It nice to see pics of your layout as a work in progress like you i have things placed all over it while you are working on it i am not into the putting everything away when you have finished working on something specific i tend just to have big clear ups when i feel its getting a bit cluttered.

cheers Brian

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 Posted: Fri Feb 20th, 2009 06:21 pm
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87 101
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Very nice buildings. Like the way you have the tracks across the door aswell. Dont think I have seen it done like that before. :thumbs

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 Posted: Sat Feb 21st, 2009 02:04 pm
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Chubber
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Very, interesting, thanks for posting. Those buildings look pretty heavy, a few of those and the average 2x1" and some 6mm ply would be sorely tested, I bet!



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 Posted: Sat Feb 21st, 2009 10:51 pm
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GL
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Hi all, thanks for the kind comments.

 The paints are artists acrylics - usually the cheapest I can find. Apple Barrel brand is good, as is Delta Ceramcoat. Delta I find particularly good - and they have one colour - Georgia Clay - which is 'just right'. It also is a great base -lightens and darkens well when mixed with others. The peaked roof structure was painted with a 50:50 Georgia Clay and Sandstone mix diluted about 20 or 30:1 with water to form a wash. (a one centimetre blob of each onto an old bread and butter plate, splash on some water from a dispenser bottle and mix)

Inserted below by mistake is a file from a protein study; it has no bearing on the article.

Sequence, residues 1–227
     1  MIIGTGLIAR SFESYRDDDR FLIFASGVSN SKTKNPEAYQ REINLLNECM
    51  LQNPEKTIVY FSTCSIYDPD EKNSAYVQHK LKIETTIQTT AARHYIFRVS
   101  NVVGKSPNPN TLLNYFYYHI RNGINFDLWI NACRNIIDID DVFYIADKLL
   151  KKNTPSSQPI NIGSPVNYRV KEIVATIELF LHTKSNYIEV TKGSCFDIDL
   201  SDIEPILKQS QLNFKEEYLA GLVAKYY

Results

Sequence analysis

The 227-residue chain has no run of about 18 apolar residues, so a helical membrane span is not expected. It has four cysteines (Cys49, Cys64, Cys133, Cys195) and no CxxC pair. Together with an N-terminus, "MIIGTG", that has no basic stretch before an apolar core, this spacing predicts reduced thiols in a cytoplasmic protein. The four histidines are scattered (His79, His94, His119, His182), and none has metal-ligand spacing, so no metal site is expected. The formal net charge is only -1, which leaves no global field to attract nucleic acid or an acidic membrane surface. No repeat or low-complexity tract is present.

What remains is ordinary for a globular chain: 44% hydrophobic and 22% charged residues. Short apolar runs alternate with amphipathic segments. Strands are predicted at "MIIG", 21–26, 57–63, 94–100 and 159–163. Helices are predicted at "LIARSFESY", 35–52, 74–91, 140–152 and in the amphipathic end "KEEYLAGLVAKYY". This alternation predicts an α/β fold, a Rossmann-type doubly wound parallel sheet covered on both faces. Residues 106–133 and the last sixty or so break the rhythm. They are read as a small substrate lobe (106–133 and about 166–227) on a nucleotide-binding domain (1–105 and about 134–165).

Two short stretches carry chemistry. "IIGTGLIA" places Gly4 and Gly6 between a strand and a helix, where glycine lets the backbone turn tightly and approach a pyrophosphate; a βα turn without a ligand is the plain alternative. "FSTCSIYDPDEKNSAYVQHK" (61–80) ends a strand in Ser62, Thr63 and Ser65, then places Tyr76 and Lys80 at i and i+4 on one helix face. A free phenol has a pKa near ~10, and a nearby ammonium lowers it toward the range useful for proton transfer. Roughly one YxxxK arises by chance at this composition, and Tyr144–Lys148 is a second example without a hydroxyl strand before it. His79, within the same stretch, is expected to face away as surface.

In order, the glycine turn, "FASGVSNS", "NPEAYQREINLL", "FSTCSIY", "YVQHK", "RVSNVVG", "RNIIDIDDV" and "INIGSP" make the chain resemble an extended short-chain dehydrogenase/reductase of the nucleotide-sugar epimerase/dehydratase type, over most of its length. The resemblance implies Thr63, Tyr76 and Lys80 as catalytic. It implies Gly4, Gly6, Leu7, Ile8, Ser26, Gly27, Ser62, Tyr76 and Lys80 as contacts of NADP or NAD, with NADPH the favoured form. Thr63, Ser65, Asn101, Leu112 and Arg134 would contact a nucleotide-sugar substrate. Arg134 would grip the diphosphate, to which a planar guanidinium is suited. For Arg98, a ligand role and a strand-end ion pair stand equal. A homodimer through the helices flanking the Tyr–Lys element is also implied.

The secret of painting plaster buildings is to undercoat them first. I use the cheapest spray paint (Oil based, not water soluble) that I can find. Cheap paint has a lower pigment to propellant ratio - a couple of coats 95% seals the plaster, but still allows a bit of the wash to seep in and increase the feeling of 'depth'. If you do not undercoat and seal, you have no real control of the process.

A dilute wash will stain the building, and subsequent applications deepen the colour. Like all model painting less is better. Use the widest brush you can (at least an inch - wider if possible) and liberally apply the wash using vertical strokes.

You will have to tidy up bits you have missed after the first application, and this usually results in a second coat being applied. Let it dry for a day then give it another wash with raw umber (again diluted 20 or so :1) to bring out the detail. After that it is up to you what you next apply. Sometimes I use a water and India ink wash to bring out more highlights.
If you really screw it up, you can usually remove most of the pigment by brushing with methylated spirits (again the reason to use an oil based undercoat).